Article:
This was evident when I talked with Cleveland Clinic when writing my second book several years ago. Their CEO really “gets it” and was determined to deliver business intelligence solutions for the organization and made it strategic. As a result, he neutralized many bottom-up efforts even though it’s a huge organization. As employees want to curry favor with the CEO, this approach can be especially fruitful.
In the end, it’s not so much about the technology as it is about aligning with a strategic program that really matters. If it matters to the CEO, everyone will get in lockstep.
BI priorities are changing
We tracked priorities among 19 technologies this year. Cloud BI, dashboards and mobile device support are the only three BI technologies that increased in importance since 2012, according to our survey respondents. Complex event processing, Big Data and open source technologies declined the most in priority.
Priorities for the majority of the technologies were consistent across all verticals. However, participants in the healthcare and government sectors gave a higher-than-average priority ranking for data mining and data discovery. Financial services ranked cloud BI as a higher priority.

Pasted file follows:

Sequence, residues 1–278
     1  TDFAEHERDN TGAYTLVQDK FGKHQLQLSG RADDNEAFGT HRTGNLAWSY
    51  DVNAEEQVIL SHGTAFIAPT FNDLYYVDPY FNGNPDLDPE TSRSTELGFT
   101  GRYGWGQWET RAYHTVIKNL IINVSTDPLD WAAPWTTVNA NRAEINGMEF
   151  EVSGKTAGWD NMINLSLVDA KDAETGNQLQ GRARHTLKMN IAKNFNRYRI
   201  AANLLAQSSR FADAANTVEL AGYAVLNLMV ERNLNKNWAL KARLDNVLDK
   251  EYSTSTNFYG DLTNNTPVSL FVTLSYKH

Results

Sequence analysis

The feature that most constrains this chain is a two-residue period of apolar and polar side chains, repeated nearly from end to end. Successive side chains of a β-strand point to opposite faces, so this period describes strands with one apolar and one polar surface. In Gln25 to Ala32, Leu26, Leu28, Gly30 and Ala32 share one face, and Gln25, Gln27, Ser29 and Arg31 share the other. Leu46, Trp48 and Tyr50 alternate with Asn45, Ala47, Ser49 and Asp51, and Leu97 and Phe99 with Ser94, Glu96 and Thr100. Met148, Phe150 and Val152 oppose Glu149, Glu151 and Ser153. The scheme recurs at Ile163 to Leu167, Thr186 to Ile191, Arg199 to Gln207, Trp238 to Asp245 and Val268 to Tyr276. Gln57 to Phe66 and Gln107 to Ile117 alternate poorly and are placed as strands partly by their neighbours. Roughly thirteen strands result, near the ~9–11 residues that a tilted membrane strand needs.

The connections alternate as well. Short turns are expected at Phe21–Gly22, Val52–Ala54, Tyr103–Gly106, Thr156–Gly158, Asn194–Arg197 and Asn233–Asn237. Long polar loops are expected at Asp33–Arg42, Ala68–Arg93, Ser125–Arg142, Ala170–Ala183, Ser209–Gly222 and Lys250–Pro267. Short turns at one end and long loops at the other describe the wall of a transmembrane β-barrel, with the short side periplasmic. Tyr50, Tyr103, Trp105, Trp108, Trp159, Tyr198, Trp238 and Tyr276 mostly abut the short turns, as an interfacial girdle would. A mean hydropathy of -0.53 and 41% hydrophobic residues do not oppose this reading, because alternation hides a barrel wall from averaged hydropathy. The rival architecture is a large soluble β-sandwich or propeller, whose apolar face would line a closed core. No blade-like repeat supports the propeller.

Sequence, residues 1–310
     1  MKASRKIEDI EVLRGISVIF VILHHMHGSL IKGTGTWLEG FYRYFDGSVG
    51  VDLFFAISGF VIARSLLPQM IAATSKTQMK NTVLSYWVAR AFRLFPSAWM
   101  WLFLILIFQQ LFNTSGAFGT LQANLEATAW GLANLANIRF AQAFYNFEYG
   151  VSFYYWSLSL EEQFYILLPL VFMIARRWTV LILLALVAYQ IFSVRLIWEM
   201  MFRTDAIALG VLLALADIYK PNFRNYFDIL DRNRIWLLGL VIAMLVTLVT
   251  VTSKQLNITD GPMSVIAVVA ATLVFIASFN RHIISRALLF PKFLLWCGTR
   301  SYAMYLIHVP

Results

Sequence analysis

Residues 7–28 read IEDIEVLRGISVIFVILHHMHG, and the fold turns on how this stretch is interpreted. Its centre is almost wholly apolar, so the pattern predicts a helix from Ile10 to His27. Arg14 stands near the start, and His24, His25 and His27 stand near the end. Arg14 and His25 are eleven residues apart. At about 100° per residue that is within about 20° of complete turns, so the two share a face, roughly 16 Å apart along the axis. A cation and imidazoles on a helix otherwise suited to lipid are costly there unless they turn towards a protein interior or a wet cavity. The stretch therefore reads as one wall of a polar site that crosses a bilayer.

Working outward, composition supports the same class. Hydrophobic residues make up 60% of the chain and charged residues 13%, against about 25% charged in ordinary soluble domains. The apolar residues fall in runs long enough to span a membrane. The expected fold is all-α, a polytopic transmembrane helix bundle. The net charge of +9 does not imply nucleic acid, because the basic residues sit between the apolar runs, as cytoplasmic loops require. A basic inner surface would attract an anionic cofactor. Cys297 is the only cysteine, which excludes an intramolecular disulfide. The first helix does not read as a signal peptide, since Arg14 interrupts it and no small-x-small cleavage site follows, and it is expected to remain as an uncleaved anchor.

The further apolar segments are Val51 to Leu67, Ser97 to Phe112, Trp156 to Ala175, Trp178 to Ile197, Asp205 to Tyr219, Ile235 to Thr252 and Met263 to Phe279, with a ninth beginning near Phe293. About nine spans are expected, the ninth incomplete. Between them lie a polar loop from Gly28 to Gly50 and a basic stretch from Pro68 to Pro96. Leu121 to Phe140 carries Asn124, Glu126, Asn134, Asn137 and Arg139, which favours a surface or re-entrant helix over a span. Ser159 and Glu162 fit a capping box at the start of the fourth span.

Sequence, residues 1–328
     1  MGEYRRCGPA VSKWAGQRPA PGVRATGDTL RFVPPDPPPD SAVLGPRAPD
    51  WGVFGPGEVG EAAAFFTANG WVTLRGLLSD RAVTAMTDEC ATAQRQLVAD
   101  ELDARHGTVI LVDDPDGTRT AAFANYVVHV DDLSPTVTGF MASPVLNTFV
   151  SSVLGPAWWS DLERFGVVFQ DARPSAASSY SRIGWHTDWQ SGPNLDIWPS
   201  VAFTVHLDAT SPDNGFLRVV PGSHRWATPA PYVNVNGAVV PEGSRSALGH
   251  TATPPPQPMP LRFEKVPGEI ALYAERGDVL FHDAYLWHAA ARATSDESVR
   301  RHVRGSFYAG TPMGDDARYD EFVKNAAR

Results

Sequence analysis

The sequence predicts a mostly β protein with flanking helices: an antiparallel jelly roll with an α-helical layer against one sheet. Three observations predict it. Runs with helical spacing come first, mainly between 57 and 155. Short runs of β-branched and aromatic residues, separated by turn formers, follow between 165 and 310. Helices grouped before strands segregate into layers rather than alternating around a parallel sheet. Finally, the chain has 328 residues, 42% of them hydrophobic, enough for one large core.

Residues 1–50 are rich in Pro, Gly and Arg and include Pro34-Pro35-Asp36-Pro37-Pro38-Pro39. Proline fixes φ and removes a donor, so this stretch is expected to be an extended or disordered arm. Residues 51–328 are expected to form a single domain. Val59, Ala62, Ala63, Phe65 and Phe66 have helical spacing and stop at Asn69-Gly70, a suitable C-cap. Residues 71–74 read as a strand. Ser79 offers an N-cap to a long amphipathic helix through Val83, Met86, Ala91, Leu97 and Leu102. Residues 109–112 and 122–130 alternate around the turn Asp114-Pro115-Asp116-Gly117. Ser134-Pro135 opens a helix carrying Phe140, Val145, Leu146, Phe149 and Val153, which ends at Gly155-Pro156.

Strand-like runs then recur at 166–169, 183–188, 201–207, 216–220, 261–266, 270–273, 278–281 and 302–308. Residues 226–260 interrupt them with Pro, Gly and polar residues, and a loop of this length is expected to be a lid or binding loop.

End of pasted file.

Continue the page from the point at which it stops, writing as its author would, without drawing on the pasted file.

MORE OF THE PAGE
Slicing the data by organization size, we found that BI technology priorities for larger organizations include data warehousing and data mining. Smaller organizations place priority on mobile device support, cloud BI and social media analysis.
Smaller organizations are less invested in traditional data warehousing. It doesn’t mean that data warehousing doesn’t have currency or add value. But they know that it can be expensive and takes a long time. And historically it’s been a fairly opaque process for them.
There are, and will continue to be, an increasing number of data quality and data integration tools targeting the end users. This is especially helpful in smaller organizations with little or no IT resources.
Over time, how will the increasing use of end-user data integration tools and self-service business intelligence tools impact data warehouses? I think data warehouses as we understand them today will probably subside, but I don’t know what will replace them. I just know that if there is enough pressure and enough investment, it will change. There is a lot of investment right now and a lot of talent being applied to this problem.
Vendors are still trying to provide a single repository for both transactional and business intelligence applications. It has been an aspiration for decades to have a single repository to avoid replicating data and going through a fairly time-consuming and costly process of having to synthesize and move data. If there were a way to do this in a practical, more efficient way, why wouldn’t we? We’ll continue to watch this space.
BI expansion plans through 2016
In this year’s survey we explored functions that drive business intelligence initiatives within an organization. In the lead are executive management and finance.
Participants revealed aggressive plans to expand business intelligence to more users in 2014 and over the next 24-36 months. As shown in Figure 2, executive management and marketing reported the biggest intentions to expand BI investment in 2014.